Theresa May has announced a three-step plan that could lead to delaying Brexit.
Theresa May outlined a shift in her Brexit plans in a statement to the House of Commons.
She unveiled a “three-step plan” that could lead to delaying Brexit .
Those steps are:
- March 12: Vote on Theresa May’s Brexit deal. By this date, the government will hold a new “meaningful vote” on the 585-page Brexit deal. If it passes, Brexit happens with a deal, almost certainly on March 29 (or with a tiny extension). If it fails, or there’s no vote, move to step 2.
- March 13: Vote on No Deal Brexit. By this date, Theresa May will table a Commons motion asking MPs for their “explicit consent” to leaving the EU with no deal. If they give consent, we leave with No Deal on March 29. If they don’t give their consent, move to step 3.
- March 14: Vote on delaying Brexit. On this date, MPs will hold a vote on whether to delay the date of Brexit by up to three months – to the end of June.
Why has she done it now?
The Prime Minister announced the major change in a desperate bid to head off a Tory revolt.
Remain-backing ministers had lined up to warn they’d defy the government and vote to delay Brexit, as soon as tomorrow night.
That could have forced around 15 ministers to resign.
The Remainer Tories were prepared to back an amendment by Yvette Cooper and Oliver Letwin, which said MPs should get a vote on delaying Brexit if there’s no agreement by March 12.
By announcing her own plan (which is almost exactly the same), the Prime Minister has taken control of the process.
Oliver Letwin announced there is now “no need” for his Bill to delay Brexit because Mrs May’s statement “does what is needed”.
Is delaying Brexit guaranteed?
No. But it’s now more likely.
Technically, we have to get through three votes before Brexit will be delayed.
But the odds are on all those votes tipping towards delaying Brexit.
Downing Street today insisted the focus and “very strong preference” remains on getting a revised Brexit deal.
Attorney General Geoffrey Cox is in talks today with Brussels to revise the Irish backstop – a clause in the 585-page deal that could extend EU customs rules over the UK.
But no big changes are expected, so the deal’s expected to be voted down – just as it was by a record margin in January.
Then there’s the vote on No Deal, but the Commons has already shown it has a majority on No Deal Brexit.
There are some unknowns of course. We don’t know yet how the government will whip its MPs to vote on a delay. Will they be told to back one? Or will ministers have to resign if they do?
Could May’s deal still pass?
Theresa May’s Brexit deal was shattered by a record-setting 230-vote majority in January.
Yet, whisper it, there is still a way the deal could pass.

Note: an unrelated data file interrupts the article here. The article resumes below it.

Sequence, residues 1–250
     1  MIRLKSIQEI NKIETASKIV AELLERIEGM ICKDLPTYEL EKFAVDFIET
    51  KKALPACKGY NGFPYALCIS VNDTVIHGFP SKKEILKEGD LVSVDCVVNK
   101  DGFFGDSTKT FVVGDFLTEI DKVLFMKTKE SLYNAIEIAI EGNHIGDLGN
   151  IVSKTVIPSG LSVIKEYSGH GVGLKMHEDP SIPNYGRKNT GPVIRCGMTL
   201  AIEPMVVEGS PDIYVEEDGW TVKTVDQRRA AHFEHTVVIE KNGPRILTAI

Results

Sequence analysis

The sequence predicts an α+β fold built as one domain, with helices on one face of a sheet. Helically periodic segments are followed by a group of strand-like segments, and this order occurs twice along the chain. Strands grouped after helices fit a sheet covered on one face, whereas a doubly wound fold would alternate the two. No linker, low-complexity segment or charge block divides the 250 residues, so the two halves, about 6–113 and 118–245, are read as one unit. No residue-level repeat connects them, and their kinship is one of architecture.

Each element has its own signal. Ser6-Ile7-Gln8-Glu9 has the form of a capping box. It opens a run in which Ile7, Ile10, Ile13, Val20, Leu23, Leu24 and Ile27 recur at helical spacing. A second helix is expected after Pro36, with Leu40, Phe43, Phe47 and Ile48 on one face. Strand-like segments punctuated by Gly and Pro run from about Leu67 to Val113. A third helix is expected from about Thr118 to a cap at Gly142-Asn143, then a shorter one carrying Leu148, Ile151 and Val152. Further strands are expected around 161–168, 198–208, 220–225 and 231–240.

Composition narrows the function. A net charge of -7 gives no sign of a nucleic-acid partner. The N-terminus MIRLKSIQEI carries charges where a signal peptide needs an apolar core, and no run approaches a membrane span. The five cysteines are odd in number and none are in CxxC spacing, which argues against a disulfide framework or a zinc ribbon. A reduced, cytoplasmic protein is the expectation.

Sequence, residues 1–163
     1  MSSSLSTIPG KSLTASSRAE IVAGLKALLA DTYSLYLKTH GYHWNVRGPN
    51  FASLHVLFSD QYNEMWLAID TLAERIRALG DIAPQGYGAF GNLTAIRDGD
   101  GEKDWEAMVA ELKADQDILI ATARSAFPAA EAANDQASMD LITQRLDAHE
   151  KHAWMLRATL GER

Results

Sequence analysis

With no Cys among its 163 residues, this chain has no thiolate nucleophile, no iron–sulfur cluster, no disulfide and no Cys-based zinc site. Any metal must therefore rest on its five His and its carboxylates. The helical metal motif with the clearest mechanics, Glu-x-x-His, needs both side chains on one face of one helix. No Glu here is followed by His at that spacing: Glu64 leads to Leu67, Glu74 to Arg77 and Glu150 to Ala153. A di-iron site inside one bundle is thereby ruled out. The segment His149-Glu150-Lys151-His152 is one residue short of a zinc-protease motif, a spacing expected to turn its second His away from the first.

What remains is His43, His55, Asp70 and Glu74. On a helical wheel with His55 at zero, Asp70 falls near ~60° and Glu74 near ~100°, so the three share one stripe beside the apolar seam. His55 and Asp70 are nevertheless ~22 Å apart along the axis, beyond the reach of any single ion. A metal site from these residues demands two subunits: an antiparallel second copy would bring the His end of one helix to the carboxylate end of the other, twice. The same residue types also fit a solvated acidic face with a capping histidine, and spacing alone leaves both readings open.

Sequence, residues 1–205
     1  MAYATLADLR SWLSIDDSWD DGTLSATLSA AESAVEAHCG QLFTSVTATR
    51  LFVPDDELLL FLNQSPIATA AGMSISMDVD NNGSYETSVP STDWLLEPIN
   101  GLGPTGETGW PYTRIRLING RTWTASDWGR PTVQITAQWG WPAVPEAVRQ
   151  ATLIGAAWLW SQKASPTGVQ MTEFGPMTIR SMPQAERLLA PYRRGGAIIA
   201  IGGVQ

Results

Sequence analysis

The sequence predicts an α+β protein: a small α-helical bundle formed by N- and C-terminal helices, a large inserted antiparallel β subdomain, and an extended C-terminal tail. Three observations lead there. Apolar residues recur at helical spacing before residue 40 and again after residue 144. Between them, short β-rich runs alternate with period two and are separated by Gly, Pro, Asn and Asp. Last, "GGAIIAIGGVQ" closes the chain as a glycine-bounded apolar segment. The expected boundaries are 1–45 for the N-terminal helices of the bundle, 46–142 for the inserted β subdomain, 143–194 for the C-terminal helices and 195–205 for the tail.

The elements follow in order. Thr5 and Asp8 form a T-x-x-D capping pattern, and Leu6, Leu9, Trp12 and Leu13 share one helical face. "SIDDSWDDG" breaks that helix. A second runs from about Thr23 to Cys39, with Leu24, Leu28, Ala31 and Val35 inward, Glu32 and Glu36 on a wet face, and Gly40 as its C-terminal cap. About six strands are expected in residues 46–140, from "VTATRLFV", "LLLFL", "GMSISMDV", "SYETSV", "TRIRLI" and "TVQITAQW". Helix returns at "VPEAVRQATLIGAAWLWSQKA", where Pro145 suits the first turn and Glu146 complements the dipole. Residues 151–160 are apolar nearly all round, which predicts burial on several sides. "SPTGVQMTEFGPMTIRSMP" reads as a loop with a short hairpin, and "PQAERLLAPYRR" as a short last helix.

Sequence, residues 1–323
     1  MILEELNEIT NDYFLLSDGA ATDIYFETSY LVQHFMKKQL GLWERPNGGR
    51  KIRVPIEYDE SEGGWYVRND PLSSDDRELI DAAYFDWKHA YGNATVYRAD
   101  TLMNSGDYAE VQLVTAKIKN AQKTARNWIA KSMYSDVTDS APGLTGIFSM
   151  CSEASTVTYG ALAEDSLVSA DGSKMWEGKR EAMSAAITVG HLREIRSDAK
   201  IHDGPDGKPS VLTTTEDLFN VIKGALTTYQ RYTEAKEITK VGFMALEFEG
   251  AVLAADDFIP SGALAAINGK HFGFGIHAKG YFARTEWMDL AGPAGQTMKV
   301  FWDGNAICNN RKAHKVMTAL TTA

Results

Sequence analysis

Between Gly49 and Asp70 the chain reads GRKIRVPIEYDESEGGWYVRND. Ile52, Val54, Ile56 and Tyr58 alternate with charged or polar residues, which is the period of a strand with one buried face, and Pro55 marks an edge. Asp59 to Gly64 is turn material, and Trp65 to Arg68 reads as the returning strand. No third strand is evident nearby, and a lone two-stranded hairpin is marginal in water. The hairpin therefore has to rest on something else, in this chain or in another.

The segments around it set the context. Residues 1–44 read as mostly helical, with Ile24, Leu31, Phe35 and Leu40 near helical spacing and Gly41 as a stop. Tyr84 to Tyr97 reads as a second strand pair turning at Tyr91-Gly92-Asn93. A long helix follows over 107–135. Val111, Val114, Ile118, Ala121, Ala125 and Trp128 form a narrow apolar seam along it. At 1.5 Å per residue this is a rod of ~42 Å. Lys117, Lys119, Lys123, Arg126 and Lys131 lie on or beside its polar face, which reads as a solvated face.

Now that she’s dangling the prospect of a delay, Brexiteer Tories may feel so boxed in that they have no choice to accept Theresa May’s plan by March 12.
It’s not what they want – but it now looks like the only way to ensure Brexit happens on time on March 29.
Of course, those Tories alone won’t be enough to pass the deal. Theresa May has a tiny majority and there are plenty of Tory Remainers.
But 25 Labour MPs showed last month they’re prepared to rebel to stop Brexit being delayed. If those forces unite, then technically, the deal could get through.
Is No Deal Brexit definitely off the table?
And MPs are furious.
Theresa May insisted that even after a delay, “the choices we face would remain unchanged.
“Leave with a deal, leave with no deal, or have no Brexit.”
Labour MP Stephen Doughty said: “This is yet more trickery from the PM.
“She’s still refusing to take no deal off the table legally or otherwise no matter what Commons says or does.
“It’s all just ‘her way or the highway’.”
Could the delay be longer than 3 months?
Theresa May said today she would seek the shortest possible extension, and not beyond the end of June.
That date’s been chosen because new MEPs take their seats from July 1, and the UK is supposed to have no MEPs by then.
Yet the motion that gets put before MPs will, crucially, be “amendable”, No10 officials said today.
That means MPs could force a longer delay on the Prime Minister, and she is “committed to legislating” for the result.
Downing Street did, however, reject reports of a 21-month delay – saying it’s not been brought up by EU leaders in talks with the Prime Minister.
Does this make a second referendum more likely?
A second EU referendum has become slightly *more* likely in recent days, after Labour backed a bid to hold one.
But overall, it’s still looking very unlikey.
There aren’t enough pro-referendum MPs in Parliament to back one, and Theresa May continues to oppose the idea.
She said today it would be “divisive” for the country.